FD&C Red #40 is also commonly called “Allura Red” as it is referred to in this paper. It is abbreviated as “AR” in this study and in the picture at right.
As you can see from the picture, something happens when the mice eating chow containing AR are given dextran sulfate sodium (DSS) which is used in experiments to induce colitis (inflammatory disease in the colon) of mice. In other words, they get a whole lot more sick.
The researchers performed numerous complicated examinations to reveal the interactions of Red 40 with other causes of bowel disease.
- AR (Red 40) increased the severity of colitis in experimental models of inflammatory bowel disease (IBD).
- ALL the colors tested created bowel problems, but AR did the most damage at the lowest levels.
- The mice developed colitis when they were given chronic exposure to the dye. However, intermittent exposure to AR for 12 weeks did not influence susceptibility to colitis.
- Exposure to AR during early life primes mice to enhanced susceptibility to colitis.
- AR impairs the intestinal epithelial barrier function and induces low-grade colonic inflammation even without DSS (which was given to induce inflammation)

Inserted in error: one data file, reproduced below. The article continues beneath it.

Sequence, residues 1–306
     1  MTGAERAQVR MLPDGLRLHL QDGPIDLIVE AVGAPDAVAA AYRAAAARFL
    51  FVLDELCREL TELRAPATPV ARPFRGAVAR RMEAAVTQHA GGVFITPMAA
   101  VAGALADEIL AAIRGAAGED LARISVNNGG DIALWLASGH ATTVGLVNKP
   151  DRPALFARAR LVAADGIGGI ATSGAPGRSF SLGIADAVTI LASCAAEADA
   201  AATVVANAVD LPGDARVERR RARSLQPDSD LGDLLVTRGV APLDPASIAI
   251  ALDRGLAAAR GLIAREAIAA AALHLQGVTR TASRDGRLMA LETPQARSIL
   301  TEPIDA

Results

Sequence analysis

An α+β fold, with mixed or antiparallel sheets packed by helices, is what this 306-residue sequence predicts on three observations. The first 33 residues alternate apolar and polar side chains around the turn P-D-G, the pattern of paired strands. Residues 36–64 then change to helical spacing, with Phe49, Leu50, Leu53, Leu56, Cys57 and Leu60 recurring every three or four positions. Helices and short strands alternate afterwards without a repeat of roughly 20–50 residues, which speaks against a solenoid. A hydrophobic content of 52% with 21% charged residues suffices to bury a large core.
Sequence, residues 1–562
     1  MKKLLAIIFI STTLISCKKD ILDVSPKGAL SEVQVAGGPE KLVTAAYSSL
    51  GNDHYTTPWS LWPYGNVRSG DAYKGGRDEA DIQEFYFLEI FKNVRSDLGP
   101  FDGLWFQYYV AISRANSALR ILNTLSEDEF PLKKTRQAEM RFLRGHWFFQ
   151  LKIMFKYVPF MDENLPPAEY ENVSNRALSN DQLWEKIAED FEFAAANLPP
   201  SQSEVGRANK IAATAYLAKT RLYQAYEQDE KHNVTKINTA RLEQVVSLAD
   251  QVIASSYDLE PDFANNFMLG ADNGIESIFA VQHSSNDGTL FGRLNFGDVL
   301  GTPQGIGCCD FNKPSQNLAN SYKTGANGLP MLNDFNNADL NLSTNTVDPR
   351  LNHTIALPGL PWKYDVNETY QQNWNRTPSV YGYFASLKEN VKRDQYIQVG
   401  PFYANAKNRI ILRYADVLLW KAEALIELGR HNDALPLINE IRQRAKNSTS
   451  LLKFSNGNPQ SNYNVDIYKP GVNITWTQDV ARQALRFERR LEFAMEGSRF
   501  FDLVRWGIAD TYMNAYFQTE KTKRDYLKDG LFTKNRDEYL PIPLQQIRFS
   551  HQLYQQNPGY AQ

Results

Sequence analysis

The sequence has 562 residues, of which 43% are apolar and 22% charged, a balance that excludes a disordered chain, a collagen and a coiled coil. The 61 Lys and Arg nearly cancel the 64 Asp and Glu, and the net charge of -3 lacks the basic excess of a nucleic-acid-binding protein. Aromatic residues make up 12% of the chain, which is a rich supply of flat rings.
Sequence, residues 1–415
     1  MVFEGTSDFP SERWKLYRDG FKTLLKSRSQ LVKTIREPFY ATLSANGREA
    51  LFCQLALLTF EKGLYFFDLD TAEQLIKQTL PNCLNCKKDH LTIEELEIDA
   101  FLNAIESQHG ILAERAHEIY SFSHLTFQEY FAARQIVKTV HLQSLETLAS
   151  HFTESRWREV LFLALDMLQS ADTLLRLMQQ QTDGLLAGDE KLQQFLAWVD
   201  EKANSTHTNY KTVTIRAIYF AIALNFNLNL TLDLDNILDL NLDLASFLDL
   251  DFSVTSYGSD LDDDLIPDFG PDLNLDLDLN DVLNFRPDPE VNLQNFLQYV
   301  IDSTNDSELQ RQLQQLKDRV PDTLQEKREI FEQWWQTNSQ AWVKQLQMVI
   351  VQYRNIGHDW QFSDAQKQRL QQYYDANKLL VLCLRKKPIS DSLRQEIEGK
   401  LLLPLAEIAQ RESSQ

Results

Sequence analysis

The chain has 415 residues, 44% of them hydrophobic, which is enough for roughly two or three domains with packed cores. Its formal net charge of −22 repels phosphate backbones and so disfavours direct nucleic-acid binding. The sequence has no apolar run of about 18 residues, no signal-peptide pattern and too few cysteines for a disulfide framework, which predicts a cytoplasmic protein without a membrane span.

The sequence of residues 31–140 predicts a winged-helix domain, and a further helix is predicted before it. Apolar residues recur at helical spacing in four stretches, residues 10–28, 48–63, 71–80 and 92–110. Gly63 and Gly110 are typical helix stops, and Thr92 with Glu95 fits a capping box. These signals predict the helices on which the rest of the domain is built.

- Gut serotonin (5-HT) plays an important role in enhancing colitis severity by AR. AR promotes 5-HT production by increasing reactive oxygen (ROS). ROS is a known driver of bowel inflammation.
- Transplanting the gut microbiota exposed to AR worsens colitis severity in the recipient germ-free mice.
- Continual consumption of AR increases gut 5-HT levels which leads to inflammation.
- This study suggests a potential link between AR and colitis and warrants further exploration between food dyes and IBD at experimental, epidemiological and clinical levels.
- The senior author, Waliul Khan, was quoted by Sci-Tech Daily, as follows:
“This study demonstrates significant harmful effects of Allura Red on gut health and identifies gut serotonin as a critical factor mediating these effects.
“What we have found is striking and alarming, as this common synthetic food dye is a possible dietary trigger for IBDs. This research is a significant advance in alerting the public on the potential harms of food dyes that we consume daily.”